Procter & Gamble Co., Cincinnati, says it wants to develop and sell products that people love but that don't harm the environment. Will consumers be willing in this economy to pay an upcharge for green products or be willing to sacrifice any product performance, if necessary? No doubt, these questions would give any company a challenge.

As the song says, “It’s not easy being green.” Marketing experts say that companies dealing in environmentally friendly products can’t expect most consumers to buy their products simply because they might help save the earth. To convince people to hand over hard-earned cash right now for a funny-shaped bottle or unusual-looking light bulb, the products need to appeal in other ways.

“It’s a very small niche market that’s interested in buying green,” says Edwin Stafford, associate professor of marketing at Utah State University in Logan, Utah. “Most consumers buy on consumer benefit.” Thus, eco-friendliness may make consumers feel good, as long as it comes with attributes, such as superior performance, cost effectiveness or health benefits, says Stafford, who has extensively researched the topic.

P&G's chief executive, Robert A. McDonald, says his firm wants people to wash their clothes in cold water, among other environmental suggestions. He says P&G should improve the lives of the world's consumers. “We do that through our products. We do that through our operations. We do that through our philanthropy,” he says.

McDonald says he has goals for 2020 that include, for example, of 25% renewable energy. He says consumers should have a goal to wash 70% of their washloads in cold water. “Right now, 40% of washloads are done in cold water. If we could simply get every washing machine in the United States to do cold-water washing, we would provide the energy for 4.4 million households in this country and deliver 3% to 4% of the cuts in the Kyoto Protocol [an international agreement that sets targets for reducing greenhouse-gas emissions],” he says.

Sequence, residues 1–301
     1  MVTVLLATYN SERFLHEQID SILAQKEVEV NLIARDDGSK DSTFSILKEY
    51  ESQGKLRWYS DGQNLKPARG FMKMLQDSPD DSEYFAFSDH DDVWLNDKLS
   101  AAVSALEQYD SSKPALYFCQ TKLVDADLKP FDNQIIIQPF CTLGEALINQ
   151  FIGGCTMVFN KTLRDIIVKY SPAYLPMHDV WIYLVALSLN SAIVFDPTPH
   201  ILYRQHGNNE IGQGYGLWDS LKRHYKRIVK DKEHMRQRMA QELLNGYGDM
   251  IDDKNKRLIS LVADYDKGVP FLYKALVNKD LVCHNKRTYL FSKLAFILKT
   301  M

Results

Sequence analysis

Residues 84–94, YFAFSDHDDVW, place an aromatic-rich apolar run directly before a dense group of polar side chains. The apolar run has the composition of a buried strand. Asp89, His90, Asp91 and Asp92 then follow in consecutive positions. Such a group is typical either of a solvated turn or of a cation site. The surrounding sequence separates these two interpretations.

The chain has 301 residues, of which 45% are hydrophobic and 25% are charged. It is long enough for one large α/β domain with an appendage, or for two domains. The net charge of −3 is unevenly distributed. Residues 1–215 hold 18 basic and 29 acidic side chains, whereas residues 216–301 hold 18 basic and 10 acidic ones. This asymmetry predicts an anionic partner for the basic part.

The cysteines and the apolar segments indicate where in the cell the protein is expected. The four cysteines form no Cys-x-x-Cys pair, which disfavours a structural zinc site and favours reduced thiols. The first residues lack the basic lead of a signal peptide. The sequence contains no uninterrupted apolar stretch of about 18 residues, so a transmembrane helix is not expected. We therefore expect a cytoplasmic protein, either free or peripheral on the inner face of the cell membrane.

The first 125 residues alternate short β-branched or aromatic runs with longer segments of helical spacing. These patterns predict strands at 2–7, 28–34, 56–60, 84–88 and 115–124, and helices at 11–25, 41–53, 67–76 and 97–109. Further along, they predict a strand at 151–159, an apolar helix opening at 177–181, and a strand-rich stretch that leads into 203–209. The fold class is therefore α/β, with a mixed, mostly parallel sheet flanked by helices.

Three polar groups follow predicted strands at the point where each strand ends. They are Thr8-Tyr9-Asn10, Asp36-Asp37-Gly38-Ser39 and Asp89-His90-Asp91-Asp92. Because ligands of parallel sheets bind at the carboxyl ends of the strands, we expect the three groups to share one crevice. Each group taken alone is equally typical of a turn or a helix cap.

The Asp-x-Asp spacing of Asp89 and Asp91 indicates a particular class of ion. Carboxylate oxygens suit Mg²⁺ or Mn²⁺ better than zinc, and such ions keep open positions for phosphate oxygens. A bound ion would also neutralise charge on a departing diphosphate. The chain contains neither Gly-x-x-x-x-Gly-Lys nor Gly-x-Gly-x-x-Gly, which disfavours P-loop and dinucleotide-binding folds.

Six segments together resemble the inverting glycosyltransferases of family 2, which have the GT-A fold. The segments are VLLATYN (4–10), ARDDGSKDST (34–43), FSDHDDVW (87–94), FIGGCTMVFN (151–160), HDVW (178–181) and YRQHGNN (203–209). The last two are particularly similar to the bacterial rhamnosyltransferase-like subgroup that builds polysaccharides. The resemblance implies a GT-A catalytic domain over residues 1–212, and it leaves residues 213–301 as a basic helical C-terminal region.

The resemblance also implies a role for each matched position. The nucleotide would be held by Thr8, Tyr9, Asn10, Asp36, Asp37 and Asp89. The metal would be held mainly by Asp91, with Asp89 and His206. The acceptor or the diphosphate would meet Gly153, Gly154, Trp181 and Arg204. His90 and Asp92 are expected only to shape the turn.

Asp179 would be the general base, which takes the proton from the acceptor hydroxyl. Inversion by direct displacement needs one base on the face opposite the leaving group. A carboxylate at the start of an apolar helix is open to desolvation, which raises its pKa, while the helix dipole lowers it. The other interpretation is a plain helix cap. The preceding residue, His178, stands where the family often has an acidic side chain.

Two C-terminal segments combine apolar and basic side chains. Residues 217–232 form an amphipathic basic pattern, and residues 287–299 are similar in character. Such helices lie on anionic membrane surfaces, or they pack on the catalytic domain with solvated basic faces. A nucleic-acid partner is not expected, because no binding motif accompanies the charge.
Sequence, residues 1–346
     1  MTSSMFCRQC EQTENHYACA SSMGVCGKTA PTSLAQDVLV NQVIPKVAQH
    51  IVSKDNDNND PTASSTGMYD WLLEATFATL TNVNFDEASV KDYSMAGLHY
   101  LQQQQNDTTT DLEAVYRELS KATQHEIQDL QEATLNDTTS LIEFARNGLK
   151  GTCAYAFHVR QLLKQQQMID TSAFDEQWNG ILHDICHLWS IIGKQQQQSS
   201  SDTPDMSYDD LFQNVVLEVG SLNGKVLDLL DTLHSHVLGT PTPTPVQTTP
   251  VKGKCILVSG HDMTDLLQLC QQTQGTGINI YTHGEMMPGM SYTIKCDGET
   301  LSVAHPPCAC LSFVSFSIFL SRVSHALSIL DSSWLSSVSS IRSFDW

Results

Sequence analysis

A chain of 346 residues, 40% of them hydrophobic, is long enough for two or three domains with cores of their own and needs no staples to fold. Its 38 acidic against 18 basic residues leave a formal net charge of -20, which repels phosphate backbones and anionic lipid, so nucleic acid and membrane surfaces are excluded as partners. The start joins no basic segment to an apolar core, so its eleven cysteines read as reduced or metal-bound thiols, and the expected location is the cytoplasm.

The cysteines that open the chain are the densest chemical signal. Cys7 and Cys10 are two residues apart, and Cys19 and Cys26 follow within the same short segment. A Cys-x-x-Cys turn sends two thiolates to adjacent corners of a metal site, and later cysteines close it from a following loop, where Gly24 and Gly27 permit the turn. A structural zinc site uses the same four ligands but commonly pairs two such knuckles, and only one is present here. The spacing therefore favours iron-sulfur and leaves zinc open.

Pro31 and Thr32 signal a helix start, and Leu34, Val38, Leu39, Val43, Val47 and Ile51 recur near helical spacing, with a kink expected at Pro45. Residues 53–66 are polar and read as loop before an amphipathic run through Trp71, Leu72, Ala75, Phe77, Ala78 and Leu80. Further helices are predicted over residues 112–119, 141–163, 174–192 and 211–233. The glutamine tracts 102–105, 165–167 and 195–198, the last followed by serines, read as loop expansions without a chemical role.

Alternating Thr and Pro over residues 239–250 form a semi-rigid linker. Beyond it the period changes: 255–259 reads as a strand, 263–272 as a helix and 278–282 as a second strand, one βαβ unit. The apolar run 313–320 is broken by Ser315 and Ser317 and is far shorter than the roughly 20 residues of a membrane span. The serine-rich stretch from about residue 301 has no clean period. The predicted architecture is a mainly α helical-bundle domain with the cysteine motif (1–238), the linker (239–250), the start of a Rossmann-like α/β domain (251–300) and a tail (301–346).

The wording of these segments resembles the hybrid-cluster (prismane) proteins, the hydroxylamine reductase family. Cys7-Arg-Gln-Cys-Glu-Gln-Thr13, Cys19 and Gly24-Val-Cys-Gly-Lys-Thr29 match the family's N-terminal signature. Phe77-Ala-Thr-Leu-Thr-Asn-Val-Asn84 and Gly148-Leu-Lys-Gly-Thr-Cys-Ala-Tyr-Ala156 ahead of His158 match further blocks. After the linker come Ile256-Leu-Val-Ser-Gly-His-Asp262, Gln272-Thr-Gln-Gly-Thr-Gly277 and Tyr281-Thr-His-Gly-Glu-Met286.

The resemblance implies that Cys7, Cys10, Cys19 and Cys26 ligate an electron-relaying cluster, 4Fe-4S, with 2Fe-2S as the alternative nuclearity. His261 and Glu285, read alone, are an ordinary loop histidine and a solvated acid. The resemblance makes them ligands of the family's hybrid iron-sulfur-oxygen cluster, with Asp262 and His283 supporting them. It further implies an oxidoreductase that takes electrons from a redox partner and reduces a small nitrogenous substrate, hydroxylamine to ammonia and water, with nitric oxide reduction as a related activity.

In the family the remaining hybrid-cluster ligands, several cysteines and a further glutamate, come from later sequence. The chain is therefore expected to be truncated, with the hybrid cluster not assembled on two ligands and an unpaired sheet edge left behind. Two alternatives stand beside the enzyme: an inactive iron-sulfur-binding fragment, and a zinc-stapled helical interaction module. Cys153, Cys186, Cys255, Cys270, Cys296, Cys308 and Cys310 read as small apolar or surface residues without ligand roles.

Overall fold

In the past 20 years, he says the company has reduced solid waste of baby diapers by 40% in the U.S. and 50% in Europe. Its research suggests that about 15% of consumers are looking for a sustainable product and are willing to take trade-offs in that product.

Many companies that sell eco-friendly products often have to do even more to convince consumers of its worth, especially if the product requires a little more investment than its conventional counterpart. Convincing consumers that eco-friendly products work as well as better-known brands isn’t easy either. It helps to tout benefits, such as health and wellness. It didn’t take long before the same consumers who were painstakingly picking out organic apples also began to realize they were cutting that piece of fruit on a countertop that had just been wiped down with a conventional cleaner that might contain toxins.

When Whirlpool Corp. is marketing products such as its Duet line of front-loading washing machines, the company isn’t shy about promoting the potential energy and water savings the products offer. Still, J.B. Hoyt, the company’s director of government relations, says that customers may interpret that message quite differently. “Some people will read that as, ‘Gee, I’m doing a good thing for the environment. Other people will read that as, 'Gee, I’ll save (myself) money,'” Hoyt says.

The Duet line does generally cost more up front than less-efficient washing machines, although the company says consumers can make up for that with energy savings.

Walmart Stores Inc., which launched a major environmental initiative aimed at cutting its costs and its environmental impacts, is running a series of ads focusing on eco-friendly consumer offerings such as compact fluorescent light bulbs and organic clothing. But the massive retailer also is seeking to reassure customers that it hasn’t lost sight of its major allure: Cheap prices.